May 22, 2013
[09:00 - 11:00]
ABSTRACT:
We examine two prominent problems in domain-specific
information retrieval: Resource Categorization and Text-to-Construct
Linking.
The first problem refers to the categorization of domain-specific
resources at multiple granularities. This helps a search engine to
better meet specific user needs by directing task-relevant materials
to the user and organize its presentation of search results by more
pertinent metadata criteria.
The second problem refers to the resolution of domain-specific
concepts to their related domain-specific constructs. This allows
constructs to properly influence relevance ranking in search results,
without troubling the user to input them in the potentially awkward
construct syntax.
We propose to model the domain-specific resources with a multi-layered
graphical framework. The nodes in the model represent the
characteristics associated with domain-specific resources, while the
edges represent the correlations among the characteristics. Our model
is not only expressive in providing a unified view of the
characteristics and correlations but also flexible in the choice of
computational mechanisms.
Guided by the model, we carry out our research on the two
aforementioned problems as follows. For Resource Categorization, we
use the key information extraction problem in healthcare as a case
study on the categorization of correlated nominal facets. We exploit
the correlation between two categorizations at different granularities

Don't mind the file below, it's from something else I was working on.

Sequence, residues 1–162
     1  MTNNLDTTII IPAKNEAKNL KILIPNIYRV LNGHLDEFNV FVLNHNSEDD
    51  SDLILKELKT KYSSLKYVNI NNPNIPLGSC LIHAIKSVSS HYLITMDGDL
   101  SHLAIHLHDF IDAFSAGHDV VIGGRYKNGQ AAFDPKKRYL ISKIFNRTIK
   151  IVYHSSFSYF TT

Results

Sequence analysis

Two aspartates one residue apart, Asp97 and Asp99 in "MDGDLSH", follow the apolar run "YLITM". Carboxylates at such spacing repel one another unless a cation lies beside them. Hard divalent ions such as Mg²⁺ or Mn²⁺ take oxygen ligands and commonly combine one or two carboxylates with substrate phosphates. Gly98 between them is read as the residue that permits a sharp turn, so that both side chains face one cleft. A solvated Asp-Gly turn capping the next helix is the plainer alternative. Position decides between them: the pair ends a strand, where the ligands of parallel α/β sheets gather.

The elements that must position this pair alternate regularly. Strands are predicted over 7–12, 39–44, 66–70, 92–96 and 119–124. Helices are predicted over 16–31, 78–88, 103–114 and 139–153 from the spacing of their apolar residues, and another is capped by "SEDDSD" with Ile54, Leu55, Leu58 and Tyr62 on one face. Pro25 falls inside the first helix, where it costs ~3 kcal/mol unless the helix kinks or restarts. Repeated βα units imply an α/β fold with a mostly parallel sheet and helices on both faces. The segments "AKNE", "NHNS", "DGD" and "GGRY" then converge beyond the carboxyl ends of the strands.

(i.e., sentence-level and word-level) by propagating information from
one to the other sequentially or simultaneously. In addition, we use
the readability measurement problem as a case study on the
categorization of ordinal facets. We exploit the correlation between
the readability of domain-specific resources and the difficulty of the
domain-specific concepts through an iterative computation algorithm.
For Text-to-Construct Linking, we tackle the linking of math concepts
to their representations in math expressions. We exploit the
correlation between the observable characteristics of a
concept-expression pair and its relation type using supervised
learning.
To demonstrate the applicability and usefulness of our research, we
have also implemented two domain-specific search systems, one in math
and the other in healthcare. The math system incorporates the
categorization of resource type and readability as well as
text-to-expression linking, while the healthcare system categorizes
healthcare resources at multiple granularities to pull out relevant
information for applicability and validity assessment, and has
additional features, such as dual interface for active/passive search,
for better workflow integration.

BIODATA:
Jin Zhao is a PhD candidate in School of Computing, National
University of Singapore (NUS), under the supervision of A/P Min-Yen
KAN. His research interest is in domain-specific information retrieval
with focus on math and nursing.
Mar 26, 2013
[11:00 - 12:00]
ABSTRACT: